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I was born in Bath, Maine but I grew up in Orange, Massachusetts. I attended high school at Saint Bernard’s Central Catholic High School in Fitchburg, Massachusetts.
Why did you decide to attend Boston College?
I was initially attracted to BC because of its location right outside the city of Boston. Having grown up in a very small town in western Massachusetts, the idea of living in the ‘big city’ was an exciting prospect. I had visions of Red Sox games, morning runs along the Charles, and frequently shopping on Newbury Street. While my actual experiences at Boston College—football games at Alumni, late-night runs around the reservoir, and frequently shopping at CVS—have been quite different than what I had imagined, I am still thrilled with my decision to attend school here.
What is your major and why did you choose it?
I’m registered as pre-law, and pursuing a degree in philosophy. I chose philosophy as my major not because I enjoy discussing Plato’s thoughts on the city-state, but because I found that all of the ‘alternative’-type classes that interested me were often, coincidentally, philosophy classes. Courses like Technology and Culture, and Gandhi, Satyagraha, and Society—courses that uprooted my assumptions and questioned my values—were some of the most valuable learning experiences of my life.
What is your favorite class or professor?
Currently, my favorite class is Peace or War, taught by Professor Charles Derber. The class investigates various U.S. wars, largely in the Third World, such as the conflicts of Vietnam, El Salvador, and Iraq. Much of the course is devoted to exploring the potential roots or causes of war, and how to turn to peace instead. We are asked to consider questions like, “Does the U.S. really go to war to defend democracy and freedom? Or to simply maintain stability and order? Or do we fight for oil, profit, and power?” I really enjoy the content of the course, as well as the interactive and provocative teaching style of Derber. Each class is filled with just the right amount of controversy and respectful debate to make for a deeply intellectual and thought-provoking experience. Professor Derber encourages us to think about the theories we are learning in class while following the campaigns for Romney and Obama’, thus greatly enriching my understanding of political issues. I’m looking forward to nourishing my worldview even more as the semester progresses.
Thus far, what has been your most memorable BC experience?
Studying abroad in Nepal as a junior was something that has profoundly shaped me and my goals for the future. Prior to my semester in Nepal, I had been aspiring to attend a top-tier law school after my time at Boston College. I decided to study in Nepal because I thought it would be interesting to gain a new perspective on things through experiencing life in a Third World country. I had no idea what was in store for me! Cockroaches in my bed, cold showers, no electricity… Let’s just say that life in Nepal took some getting used to.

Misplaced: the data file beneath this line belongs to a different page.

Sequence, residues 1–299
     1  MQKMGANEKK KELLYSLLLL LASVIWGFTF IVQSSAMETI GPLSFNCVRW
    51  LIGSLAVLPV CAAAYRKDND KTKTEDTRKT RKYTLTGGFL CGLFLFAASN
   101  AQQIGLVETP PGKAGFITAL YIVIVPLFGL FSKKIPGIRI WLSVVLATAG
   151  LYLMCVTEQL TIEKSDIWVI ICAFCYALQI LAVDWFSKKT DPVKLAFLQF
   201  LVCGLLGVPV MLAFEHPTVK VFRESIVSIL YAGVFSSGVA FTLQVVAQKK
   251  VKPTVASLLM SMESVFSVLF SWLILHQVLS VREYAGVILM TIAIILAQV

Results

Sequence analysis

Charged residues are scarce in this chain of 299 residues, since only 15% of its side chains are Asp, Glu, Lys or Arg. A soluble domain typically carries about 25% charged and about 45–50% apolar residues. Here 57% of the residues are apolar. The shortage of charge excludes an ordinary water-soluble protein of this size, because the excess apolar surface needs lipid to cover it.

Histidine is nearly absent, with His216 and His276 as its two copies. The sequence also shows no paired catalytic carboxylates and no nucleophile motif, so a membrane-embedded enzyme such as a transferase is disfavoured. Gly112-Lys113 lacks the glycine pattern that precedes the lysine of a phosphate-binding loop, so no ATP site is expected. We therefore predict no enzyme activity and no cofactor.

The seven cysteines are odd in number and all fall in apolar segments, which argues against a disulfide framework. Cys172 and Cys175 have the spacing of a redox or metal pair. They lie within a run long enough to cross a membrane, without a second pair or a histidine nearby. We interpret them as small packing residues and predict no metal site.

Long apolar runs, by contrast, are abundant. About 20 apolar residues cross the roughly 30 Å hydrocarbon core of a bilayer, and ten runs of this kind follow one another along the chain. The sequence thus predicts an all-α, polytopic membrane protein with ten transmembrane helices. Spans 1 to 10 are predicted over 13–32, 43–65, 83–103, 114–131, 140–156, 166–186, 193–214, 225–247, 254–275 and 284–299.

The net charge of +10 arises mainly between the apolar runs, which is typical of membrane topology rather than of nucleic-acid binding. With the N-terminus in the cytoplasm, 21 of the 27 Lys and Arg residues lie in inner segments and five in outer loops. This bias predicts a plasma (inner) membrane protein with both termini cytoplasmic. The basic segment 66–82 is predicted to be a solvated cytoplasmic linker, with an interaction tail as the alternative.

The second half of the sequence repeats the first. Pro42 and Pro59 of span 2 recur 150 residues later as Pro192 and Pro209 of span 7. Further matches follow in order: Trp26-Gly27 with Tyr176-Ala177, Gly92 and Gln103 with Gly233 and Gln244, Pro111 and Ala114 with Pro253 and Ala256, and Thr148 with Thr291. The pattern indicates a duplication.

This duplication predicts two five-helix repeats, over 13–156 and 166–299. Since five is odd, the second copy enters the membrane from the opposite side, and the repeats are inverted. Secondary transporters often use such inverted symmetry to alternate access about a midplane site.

I lived in Boudhanath, Nepal and studied at the Center for Buddhist Studies at Rangjung Yeshe Institute (accredited by Kathmandu University). Boudhanath is renowned as the holiest Tibetan Buddhist site outside of Tibet, and, accordingly, is “home” for many Tibetan exiles and refugees who have been driven out of their homeland by the Chinese government. After spending four months in Boudhanath, Nepal living with a Tibetan host family, and studying at a Tibetan Buddhist monastery, I began to question things that I had once overlooked. My classes in Buddhist philosophy encouraged me to cherish the oneness of all living beings, and through my new-found sense of oneness, I began to reflect on the violation of human rights that the Tibetan refugees in Nepal (and elsewhere) face. People are all interconnected, yet some people do not enjoy the same freedoms that others do. Tibetan refugees are unjustly oppressed and exiled from their nation, while I am free to travel wherever I please. Why? I started to feel responsible for advocating for the rights of my Tibetan friends. Suddenly, I was seeing life through a new lens. I decided that law school wasn’t for me.
Since my visit to Nepal, I have come to value human rights work and the notions of social responsibility and sustainable development. I think it is immensely important to preserve the most fundamental of human freedoms around the globe.
What are your aspirations after graduation?
After graduation, I would like to conduct a service trip or small-scale sustainable development project in a poor, coffee-growing village of Africa. Although I don’t have definite plans yet, I have been in touch with a few fair-trade coffee companies that conduct business with farmer cooperatives in Africa, and I am hoping to work with one of those companies and their coffee farmers to design a meaningful grassroots-type project in which I will be able to help a community in a direct, sustainable, hands-on way.
Someday, I hope to achieve a Master’s degree in Development or Peace and Conflict Resolution. However, I have come to see that the type of work that I am interested in does not require qualifications or degrees. Helping other people is something that anyone can do, anywhere, at any time.